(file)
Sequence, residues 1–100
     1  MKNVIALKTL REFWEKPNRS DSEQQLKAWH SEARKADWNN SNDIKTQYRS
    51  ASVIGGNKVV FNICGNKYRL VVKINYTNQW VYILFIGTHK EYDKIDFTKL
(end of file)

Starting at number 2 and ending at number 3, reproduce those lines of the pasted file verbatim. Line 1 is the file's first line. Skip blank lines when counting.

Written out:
     1  MKNVIALKTL REFWEKPNRS DSEQQLKAWH SEARKADWNN SNDIKTQYRS
    51  ASVIGGNKVV FNICGNKYRL VVKINYTNQW VYILFIGTHK EYDKIDFTKL